Leadership Council for Human Rights

~ Feet in the mud, head in the sky ~

Thursday, July 12, 2007

U.N. Millennium Development Goals: Many successes, but still much progress to be made

This month officially marks the half way point on the timeline for the United Nations Millennium Development goals. In light of this benchmark, the United Nations Development Program and the Society for International Development held a round table discussion, “Inclusive Globalization and the Millennium Development Goals,” Wednesday to assess the progress that has been made so far. The keynote speaker, U.N. Assistant Secretary-General Hafiz Pasha, discussed the millennium development goals (MDGs), along with commentators Johannes Linn of the Brookings Institution and Geeta Rao Gupta, the president of the International Center for Research on Women.

The session began with optimistic, yet realistic words from Pasha. He discussed the status of the MDGs in Asia, noting first that while East Asia has been a success story, southern Asia has fallen short. East Asia’s success is due large in part to China, Pasha said. However, he pointed out that China’s gains should not be viewed without a critical eye. Remarkably, China was responsible for bringing three-fourths of impoverished East Asians above the poverty line, but that came at the expense of environmental setbacks. Additionally, Pasha commented on the disappointment of that such a drop in poverty wasn’t accompanied by better health care and education. All three must come together if there is to be a sustainable reduction in poverty, Pasha said. Also, he emphasized that in all areas, the disparity between the rich and the poor is worsening. While China has progressed overall, other smaller, oft-overlooked East Asian nations like Bangladesh, Bhutan and Cambodia have not. Finally, Pasha said that in order to ensure progress during the second half of the MDG timeline, several steps must be taken including enhanced development in rural areas, better absorption of unskilled workers, increased public investment, and improved overall social development, particularly in the areas of healthcare, education, and the advancement of women’s and minorities rights.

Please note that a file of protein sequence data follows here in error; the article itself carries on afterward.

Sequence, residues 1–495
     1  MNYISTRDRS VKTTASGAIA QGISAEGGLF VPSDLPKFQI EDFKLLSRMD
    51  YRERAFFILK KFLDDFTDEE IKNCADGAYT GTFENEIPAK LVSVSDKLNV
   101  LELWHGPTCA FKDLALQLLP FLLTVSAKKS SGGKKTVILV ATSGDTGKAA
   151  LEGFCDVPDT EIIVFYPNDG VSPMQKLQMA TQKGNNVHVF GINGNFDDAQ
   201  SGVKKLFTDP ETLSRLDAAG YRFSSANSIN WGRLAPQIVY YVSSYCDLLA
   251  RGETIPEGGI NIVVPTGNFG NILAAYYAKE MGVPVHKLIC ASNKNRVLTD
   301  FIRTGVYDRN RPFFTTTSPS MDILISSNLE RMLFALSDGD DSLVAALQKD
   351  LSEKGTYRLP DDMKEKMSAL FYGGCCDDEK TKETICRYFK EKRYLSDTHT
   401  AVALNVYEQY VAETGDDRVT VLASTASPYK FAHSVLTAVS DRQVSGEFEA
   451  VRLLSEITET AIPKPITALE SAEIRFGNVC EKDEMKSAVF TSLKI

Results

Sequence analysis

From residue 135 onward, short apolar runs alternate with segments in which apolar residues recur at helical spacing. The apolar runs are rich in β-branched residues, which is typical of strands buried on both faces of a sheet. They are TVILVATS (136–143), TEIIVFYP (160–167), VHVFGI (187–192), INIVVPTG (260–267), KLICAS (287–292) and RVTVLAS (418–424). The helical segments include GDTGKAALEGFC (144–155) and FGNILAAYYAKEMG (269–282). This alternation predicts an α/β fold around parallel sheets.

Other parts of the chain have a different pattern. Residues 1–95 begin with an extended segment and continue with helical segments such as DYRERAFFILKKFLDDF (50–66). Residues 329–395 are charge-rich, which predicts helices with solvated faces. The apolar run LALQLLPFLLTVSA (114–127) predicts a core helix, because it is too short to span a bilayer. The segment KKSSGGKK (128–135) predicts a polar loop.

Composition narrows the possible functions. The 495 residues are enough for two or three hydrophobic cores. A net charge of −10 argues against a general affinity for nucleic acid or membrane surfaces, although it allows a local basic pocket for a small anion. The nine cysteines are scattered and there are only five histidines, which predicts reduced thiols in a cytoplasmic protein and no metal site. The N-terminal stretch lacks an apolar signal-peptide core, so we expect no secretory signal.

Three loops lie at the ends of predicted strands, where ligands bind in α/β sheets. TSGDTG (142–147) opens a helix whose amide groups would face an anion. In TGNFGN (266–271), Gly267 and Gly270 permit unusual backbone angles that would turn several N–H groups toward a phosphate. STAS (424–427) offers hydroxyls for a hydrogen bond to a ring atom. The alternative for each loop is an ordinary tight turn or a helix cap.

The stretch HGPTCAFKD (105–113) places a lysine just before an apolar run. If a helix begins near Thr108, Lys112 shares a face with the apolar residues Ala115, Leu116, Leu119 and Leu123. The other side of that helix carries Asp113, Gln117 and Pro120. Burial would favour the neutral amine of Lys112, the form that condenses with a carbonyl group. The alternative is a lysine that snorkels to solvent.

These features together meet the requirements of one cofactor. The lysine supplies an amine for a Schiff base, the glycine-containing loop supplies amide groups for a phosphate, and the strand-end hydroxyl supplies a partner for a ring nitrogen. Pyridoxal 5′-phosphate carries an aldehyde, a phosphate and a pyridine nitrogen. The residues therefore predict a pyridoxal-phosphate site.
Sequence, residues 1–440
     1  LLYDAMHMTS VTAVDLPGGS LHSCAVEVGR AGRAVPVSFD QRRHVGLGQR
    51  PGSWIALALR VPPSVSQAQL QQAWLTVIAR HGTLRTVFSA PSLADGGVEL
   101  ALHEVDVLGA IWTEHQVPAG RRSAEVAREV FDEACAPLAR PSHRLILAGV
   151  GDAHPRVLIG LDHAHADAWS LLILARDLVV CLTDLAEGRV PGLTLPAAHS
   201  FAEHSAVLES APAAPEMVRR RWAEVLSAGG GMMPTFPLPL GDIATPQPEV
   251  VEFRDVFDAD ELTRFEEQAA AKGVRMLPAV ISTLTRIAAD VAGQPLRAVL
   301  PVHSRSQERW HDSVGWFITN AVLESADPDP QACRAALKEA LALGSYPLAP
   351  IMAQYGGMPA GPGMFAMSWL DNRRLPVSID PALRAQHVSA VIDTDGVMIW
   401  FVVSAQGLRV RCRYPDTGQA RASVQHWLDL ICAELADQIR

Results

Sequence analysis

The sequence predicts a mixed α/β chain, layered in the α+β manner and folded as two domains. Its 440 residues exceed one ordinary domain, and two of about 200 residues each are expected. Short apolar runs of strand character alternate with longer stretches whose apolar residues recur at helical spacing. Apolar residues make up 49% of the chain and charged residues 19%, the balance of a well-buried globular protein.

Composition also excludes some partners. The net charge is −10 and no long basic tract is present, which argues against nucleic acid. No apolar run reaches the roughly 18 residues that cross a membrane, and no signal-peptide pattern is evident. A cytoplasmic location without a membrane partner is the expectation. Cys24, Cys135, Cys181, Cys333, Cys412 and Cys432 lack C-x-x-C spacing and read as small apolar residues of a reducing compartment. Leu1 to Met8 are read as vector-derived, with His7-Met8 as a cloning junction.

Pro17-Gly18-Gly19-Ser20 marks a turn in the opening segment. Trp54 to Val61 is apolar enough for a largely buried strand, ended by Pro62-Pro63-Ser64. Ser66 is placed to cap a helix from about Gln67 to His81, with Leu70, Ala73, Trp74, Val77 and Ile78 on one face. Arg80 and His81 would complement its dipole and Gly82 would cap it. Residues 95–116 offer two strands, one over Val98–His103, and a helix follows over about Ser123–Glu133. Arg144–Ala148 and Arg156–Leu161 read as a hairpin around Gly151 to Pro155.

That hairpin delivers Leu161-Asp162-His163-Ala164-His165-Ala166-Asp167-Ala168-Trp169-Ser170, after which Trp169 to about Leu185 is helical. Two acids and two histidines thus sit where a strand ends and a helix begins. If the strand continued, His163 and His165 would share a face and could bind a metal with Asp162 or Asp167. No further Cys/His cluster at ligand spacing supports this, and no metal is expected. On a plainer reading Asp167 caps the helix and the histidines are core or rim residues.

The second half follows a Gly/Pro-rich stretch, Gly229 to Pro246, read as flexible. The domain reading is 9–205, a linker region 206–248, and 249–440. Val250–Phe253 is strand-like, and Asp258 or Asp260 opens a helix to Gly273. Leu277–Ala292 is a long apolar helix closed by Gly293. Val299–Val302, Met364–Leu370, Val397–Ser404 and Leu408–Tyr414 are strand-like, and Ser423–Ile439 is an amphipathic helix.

After Pasha, Geeta Rao Gupta focused on the MDGs, specifically in the context of women’s progress. Gupta asserted that if the millennium goals were to be reached at all, they must be done in conjunction with achieving key gender-equity goals that include access to primary education for all women, the protection of reproductive rights, women’s property rights and expanded female roles in government. Gupta concluded by declaring that if gains in women’s education were to be successful, they must be accompanied by an increase in female economic empowerment.

Finally, Johannes Linn opened by stating that the fact that “MDGs keep us accountable collectively” is crucial for the international community. However, he then followed by warning that not all the MDGs would be met by 2015, and that there needed to be sound development plans in order to ensure some tangible progress. Otherwise, the MDGs would lose their audience once 2015 has come and gone. Linn stressed that the MDG implementation process needed to be improved, saying that there is too much fragmentation in implementation plans, which is exacerbated by general agency ineffectiveness. Currently, only 20 percent of aid actually reaches the beneficiaries, and if nations are to continue contributing, that number must increase, he argued. If the MDGs are to maintain international importance, they need to have practical implementation plans, Linn said.

To access the United Nations Millennium Development Goals 2006 Report, click here.


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